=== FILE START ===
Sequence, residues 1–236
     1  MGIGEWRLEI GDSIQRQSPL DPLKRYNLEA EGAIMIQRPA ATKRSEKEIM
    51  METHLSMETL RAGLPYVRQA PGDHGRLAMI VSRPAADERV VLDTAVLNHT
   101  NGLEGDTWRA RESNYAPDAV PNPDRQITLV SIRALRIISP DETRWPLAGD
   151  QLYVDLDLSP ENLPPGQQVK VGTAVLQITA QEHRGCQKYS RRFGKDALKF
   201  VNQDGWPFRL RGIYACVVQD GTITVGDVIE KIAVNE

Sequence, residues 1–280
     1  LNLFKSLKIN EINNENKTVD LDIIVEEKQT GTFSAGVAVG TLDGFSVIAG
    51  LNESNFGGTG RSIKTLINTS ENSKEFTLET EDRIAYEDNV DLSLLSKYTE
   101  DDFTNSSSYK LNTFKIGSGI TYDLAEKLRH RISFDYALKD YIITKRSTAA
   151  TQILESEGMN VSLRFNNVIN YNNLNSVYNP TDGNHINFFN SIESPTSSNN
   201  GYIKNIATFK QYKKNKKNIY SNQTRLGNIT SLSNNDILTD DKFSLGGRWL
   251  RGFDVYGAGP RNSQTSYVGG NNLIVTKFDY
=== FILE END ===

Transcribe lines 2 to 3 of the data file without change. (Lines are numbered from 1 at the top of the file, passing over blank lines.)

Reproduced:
     1  MGIGEWRLEI GDSIQRQSPL DPLKRYNLEA EGAIMIQRPA ATKRSEKEIM
    51  METHLSMETL RAGLPYVRQA PGDHGRLAMI VSRPAADERV VLDTAVLNHT